• BirdForum is the net's largest birding community dedicated to wild birds and birding, and is absolutely FREE!

    Register for an account to take part in lively discussions in the forum, post your pictures in the gallery and more.

The newer ED variants of Celestron Trailseekers: hidden gems or merely hyperbole? (1 Viewer)


Registered User
I have been looking for a 2nd pair of binoculars, to supplement my excellent 8x42 Kowa Prominars, about which I can't say enough good things. I want something a little longer, and (if possible) a little lighter, and given my pandemic-challenged wallet, something on the more inexpensive side, probably a 10x32. But the Meoptas (and their Cabela's clones) are too pricey more me, as are the Kowa Genesis 10x33's (which are also on the larger side). The longer Opticron Travellers sounded nice but still on the pricey side for my thin bank account. I had pretty much narrowed my possibilities down to either the (generally excellently regarded) Celestron Granite 9x33 (not quite as long as a 10x, but longer than my Kowa's), and its inexpensive cheaper sibling, the Celestron Trailseeker 10x32 (which doesn't have ED glass like the Granite, and which most seem to regard as nice but inferior). Then, to my surprise, a 2-year-old review, on the English birding website, Birdguides dot com, of the newer ED iteration of the inexpensive Trailseekers.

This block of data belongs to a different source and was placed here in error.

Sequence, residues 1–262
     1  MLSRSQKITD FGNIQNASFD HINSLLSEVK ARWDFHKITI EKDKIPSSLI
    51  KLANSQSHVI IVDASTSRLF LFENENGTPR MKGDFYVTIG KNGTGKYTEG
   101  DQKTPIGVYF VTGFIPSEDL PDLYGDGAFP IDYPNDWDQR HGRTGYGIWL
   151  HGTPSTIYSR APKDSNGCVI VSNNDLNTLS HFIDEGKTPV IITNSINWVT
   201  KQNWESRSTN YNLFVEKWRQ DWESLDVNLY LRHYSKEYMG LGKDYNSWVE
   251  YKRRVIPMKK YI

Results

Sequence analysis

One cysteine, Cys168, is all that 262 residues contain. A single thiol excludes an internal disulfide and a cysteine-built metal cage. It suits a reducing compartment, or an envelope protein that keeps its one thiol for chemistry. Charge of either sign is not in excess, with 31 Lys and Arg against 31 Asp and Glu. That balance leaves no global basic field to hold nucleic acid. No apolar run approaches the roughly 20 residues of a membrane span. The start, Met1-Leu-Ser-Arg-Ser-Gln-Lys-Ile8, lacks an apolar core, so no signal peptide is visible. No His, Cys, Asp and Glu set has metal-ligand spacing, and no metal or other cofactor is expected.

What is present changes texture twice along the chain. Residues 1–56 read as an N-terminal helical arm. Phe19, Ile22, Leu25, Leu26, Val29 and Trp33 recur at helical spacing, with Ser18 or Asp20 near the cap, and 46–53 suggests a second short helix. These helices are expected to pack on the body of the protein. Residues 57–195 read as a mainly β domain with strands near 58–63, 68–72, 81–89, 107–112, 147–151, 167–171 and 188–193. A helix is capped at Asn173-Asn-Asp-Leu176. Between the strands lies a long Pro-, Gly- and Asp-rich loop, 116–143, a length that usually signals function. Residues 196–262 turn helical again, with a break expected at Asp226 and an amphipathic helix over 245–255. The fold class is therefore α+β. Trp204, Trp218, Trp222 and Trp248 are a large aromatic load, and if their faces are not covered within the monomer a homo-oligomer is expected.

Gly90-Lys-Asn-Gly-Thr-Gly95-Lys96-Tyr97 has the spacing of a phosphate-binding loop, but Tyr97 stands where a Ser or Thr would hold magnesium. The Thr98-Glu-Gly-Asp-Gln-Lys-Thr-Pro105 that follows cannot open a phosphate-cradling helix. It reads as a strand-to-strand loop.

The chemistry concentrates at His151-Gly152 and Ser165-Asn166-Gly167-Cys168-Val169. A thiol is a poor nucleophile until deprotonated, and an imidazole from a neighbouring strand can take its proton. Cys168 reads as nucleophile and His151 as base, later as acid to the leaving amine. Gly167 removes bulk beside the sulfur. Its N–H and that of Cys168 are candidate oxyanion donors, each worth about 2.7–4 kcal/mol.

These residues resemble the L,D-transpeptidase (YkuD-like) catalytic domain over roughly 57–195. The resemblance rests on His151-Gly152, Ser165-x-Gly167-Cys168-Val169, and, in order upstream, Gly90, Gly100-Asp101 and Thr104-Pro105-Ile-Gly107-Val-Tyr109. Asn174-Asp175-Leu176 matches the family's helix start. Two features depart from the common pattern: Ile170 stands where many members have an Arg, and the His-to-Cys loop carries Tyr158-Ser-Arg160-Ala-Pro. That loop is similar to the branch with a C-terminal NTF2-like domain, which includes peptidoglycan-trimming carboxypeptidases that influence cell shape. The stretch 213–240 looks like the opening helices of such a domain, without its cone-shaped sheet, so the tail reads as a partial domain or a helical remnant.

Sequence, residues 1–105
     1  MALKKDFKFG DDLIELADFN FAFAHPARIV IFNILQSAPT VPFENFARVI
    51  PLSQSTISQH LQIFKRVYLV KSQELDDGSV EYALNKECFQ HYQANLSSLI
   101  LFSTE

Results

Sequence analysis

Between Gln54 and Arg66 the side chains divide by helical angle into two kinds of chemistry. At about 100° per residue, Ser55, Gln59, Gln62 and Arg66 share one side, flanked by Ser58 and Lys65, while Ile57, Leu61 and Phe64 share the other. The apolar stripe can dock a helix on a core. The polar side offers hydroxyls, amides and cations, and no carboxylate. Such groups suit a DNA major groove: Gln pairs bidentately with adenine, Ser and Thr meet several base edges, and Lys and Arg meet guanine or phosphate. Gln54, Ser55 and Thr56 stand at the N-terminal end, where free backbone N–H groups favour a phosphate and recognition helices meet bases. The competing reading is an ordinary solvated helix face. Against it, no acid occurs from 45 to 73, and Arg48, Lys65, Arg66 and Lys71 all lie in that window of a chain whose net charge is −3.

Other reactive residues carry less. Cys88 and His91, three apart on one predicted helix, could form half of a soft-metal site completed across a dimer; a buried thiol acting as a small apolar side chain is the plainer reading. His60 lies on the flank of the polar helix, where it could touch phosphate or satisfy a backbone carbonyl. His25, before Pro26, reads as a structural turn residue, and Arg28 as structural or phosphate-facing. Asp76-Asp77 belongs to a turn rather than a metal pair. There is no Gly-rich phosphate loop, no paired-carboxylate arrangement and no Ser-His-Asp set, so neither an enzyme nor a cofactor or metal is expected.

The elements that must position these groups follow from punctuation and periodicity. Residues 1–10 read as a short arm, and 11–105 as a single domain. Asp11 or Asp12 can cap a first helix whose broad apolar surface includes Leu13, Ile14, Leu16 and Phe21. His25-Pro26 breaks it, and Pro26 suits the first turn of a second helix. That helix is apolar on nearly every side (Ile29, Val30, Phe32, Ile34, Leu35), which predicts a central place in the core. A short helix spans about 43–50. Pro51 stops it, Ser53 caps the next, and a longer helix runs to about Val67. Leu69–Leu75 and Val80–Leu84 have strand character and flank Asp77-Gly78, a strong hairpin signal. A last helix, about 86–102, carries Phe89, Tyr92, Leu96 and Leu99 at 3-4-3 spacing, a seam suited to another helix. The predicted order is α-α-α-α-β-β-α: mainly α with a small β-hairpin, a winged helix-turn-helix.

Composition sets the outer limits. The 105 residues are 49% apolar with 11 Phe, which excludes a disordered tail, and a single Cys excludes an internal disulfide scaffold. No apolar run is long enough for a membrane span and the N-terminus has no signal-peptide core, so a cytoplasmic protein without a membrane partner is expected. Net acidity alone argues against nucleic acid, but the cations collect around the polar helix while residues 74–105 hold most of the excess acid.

Here's a link to the review: https://www.birdguides.com/reviews/binoculars/celestron-trailseeker-ed-8x42-binocular/

The reviewer, at the time, talked with an English Celestron 'product manager', and the following sentence, in which he quotes the aforementioned manager, jumped out at me: "While the specifications on paper are very similar, there are intangibles involved in the use of field optical instruments that are not always communicable through raw numbers....The image seen through these new models is superior due to a better management of dispersion than even the Granite ED models attained. What is seen is therefore more vivid and free of chromatic aberration, even in the most challenging of viewing conditions."

I know corporate representatives occasionally have a tendency to either over-hype or exaggerate the qualities of products they represent or are trying to sell, and my cynical side is ready to dismiss these nice-sounding words as hyperbole. But the rest of the review - written by Mike Alibone, Birdwatch's Optics Editor, actually reads nicely, and made me wonder (and, at moments, salivate). And they actually are squarely in the limited budget area of things-I-can-almost-afford-without-having-to-rob-any-banks. Long story short: I've ordered a pair of the newer (since these came out back in 2019, they're not really 'new', are they?) ED variant of the 10x32's - and hope to post a follow-up when they arrive. Unlike Mike Alibone (who had previously used, and been impressed by, the Granites), I won't have any other Celestrons to compare them to, and the truth is I'm a relatively ignorant novice at best, so don't hold your breath for optical insights; whatever I have to say will assuredly only be of the subjective, personal variety.

Users who are viewing this thread